At the risk of being accused of rocking the boat here goes; maybe volunteering development organisations are not the only ones who can do volunteering.
I've been chewing this idea over while reading the Valuing Volunteering research we at VSO have just released in partnership with the prestigious Institute of Development Studies in the UK - a project of unprecedented scale that is the first to look at the impact volunteering has on poverty
The research was done in four countries over two years with 3,700 participants looking much more at how volunteering affects development as opposed to the impact on the volunteer, which we hear so much about. I think it challenges all of us working in the sector and provides lessons none of us can afford to ignore:
People become leaders in their own development
Volunteering is the key to unlocking the assets of local communities; so people become leaders of their own development and are resilient in the face of shocks and change.
In the wake of Typhoon Haiyan in 2013, community volunteers stepped forward to provide urgent humanitarian, practical and psychosocial support to communities. More than a year on, volunteers not only are working on this recovery effort, but involved in climate adaptation and resilience programmes so these communities are better prepared in future.
The power of being embedded
Volunteers become embedded in some of the most marginalised communities in the world. This simple fact underpins the power of the sustainable development they deliver through simple human relations.
Whereas traditional development usually only offers consultation, this way of working allows people to participate in their own development outcomes.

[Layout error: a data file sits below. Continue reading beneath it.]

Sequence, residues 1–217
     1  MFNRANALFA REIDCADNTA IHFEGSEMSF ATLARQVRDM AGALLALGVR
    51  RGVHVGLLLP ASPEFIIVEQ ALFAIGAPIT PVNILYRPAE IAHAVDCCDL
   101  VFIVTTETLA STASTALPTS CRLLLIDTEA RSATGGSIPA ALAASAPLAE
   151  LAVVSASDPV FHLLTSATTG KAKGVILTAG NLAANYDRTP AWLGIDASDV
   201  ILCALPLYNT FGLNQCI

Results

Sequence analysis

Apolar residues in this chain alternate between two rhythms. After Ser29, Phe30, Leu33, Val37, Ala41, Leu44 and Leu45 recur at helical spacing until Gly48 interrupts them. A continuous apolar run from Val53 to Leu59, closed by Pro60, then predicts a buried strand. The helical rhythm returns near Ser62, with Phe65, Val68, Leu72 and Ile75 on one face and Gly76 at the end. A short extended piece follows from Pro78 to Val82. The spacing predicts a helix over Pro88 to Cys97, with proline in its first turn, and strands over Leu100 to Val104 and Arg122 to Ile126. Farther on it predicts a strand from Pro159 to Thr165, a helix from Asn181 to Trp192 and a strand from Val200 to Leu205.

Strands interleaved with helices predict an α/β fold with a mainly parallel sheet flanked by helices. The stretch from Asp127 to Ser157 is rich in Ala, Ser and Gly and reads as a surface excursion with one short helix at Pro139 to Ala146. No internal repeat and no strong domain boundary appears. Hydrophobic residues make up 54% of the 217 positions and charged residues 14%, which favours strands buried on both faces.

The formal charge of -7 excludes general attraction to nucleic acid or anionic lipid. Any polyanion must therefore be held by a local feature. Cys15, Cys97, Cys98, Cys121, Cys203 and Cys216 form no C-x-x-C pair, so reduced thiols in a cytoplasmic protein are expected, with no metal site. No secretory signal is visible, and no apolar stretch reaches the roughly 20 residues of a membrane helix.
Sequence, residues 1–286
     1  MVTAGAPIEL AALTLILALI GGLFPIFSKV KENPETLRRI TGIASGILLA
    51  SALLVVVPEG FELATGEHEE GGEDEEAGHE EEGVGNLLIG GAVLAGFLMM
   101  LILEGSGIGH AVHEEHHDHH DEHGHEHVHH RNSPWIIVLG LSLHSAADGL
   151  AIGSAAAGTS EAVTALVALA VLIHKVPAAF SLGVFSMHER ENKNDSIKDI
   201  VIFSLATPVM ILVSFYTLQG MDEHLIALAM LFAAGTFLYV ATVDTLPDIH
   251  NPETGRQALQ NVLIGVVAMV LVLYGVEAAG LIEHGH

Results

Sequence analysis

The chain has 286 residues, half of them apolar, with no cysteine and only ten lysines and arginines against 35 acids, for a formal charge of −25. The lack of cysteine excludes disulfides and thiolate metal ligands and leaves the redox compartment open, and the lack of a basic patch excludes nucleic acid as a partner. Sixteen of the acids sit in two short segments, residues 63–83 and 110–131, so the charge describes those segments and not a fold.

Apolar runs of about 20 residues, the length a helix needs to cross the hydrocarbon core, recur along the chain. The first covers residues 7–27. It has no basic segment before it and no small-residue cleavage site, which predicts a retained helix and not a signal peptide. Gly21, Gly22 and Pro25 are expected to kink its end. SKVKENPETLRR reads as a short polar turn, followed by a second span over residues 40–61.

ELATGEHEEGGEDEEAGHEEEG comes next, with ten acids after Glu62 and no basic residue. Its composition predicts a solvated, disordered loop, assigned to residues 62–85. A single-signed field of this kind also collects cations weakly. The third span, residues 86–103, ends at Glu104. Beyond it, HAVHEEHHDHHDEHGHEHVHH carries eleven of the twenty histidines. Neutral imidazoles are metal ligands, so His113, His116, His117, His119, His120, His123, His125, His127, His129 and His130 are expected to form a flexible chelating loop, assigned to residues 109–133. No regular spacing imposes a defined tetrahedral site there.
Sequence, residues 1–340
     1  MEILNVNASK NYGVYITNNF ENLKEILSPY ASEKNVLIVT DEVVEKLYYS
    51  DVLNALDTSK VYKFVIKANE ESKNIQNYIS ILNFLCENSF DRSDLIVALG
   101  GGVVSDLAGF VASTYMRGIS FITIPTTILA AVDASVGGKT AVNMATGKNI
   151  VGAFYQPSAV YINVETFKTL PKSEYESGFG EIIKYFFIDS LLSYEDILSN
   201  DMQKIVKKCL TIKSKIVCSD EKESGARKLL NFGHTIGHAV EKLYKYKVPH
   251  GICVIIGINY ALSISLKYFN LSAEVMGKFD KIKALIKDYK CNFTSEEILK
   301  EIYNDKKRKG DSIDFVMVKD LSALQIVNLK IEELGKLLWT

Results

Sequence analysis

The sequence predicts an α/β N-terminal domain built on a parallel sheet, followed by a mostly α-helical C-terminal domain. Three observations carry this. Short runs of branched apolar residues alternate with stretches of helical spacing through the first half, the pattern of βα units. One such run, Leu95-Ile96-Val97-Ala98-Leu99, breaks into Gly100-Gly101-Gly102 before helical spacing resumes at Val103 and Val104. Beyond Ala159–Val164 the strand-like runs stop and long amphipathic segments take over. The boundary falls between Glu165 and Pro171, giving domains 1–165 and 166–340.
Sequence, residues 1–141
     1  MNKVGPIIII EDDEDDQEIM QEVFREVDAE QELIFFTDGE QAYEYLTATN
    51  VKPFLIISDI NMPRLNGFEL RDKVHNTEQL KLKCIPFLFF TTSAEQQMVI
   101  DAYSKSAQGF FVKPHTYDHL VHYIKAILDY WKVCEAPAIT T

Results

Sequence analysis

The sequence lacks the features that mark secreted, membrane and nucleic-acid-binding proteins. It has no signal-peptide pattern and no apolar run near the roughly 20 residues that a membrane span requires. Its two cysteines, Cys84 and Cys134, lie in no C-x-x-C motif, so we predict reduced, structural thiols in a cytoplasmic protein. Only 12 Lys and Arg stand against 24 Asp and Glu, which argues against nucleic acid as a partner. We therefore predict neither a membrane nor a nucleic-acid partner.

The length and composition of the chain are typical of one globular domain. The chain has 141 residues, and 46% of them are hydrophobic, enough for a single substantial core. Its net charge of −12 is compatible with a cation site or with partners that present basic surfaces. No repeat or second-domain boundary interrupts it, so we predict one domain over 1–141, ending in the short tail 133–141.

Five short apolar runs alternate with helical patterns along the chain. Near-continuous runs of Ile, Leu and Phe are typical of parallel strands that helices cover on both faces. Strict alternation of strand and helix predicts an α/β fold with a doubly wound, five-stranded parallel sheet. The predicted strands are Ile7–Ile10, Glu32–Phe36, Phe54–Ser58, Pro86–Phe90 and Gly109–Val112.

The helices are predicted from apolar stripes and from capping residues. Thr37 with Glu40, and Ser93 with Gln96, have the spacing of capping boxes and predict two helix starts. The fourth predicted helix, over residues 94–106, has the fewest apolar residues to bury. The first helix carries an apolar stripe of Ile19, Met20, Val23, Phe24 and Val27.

No substitute for a paid workforce
Giving our time, knowledge and skills to others, without needing or expecting anything return, lies at the heart of human endeavour and social action. It is one of the most basic expressions of community solidarity. But we need to ensure volunteering is not mistaken as a cheap form of development assistance - or as a substitute for public service delivery and a well trained, well paid workforce.
Measuring the un-measurable
Finally, this unique model of people-centred development offers soft outcomes that are invaluable, despite being hard to quantify: the inspiration for greater active citizenship, the sense of confidence and empowerment that a community can gain from contact with a volunteer, the networks, the widening of the cultural horizons among them. A beautiful case study in the research of a Nepalese girl who voluntarily opened a school on the Nepal/ India border is a great example of this.
Out of the margins
This says to me that we need to take volunteering out of the margins and into the mainstream. We in the sector have a once-in-a-generation opportunity to redefine volunteering for the next few decades at least. The UN Secretary General already recognised the role of volunteering in his synthesis report about the development framework that will replace the Millennium Development Goals. We who value volunteers need to ensure this translates into powerful commitments in the framework signed by UN Member States next September in New York.
Changing our ways
So, I am throwing down the gauntlet to my counterparts at Peace Corps and the UNV who I join this week at a conference in Washington DC. I'm challenging them and others to use this new knowledge to inform and strengthen our operations and improve our chance of success. The lessons we've learned should give us new confidence to champion volunteering and also acknowledge that it's not the preserve of specialist international organisations. It's time for everyone engaged in tackling global poverty to own the "V" word with pride.
Philip is attending the LEVERAGING VOLUNTEERISM FOR GLOBAL IMPACT conference in Washington DC this week. A joint initiative of the U.S. Peace Corps and UNV a two-day workshop and a one-day global conference aim to develop a strong evidence base to support the role of volunteerism in peace and development.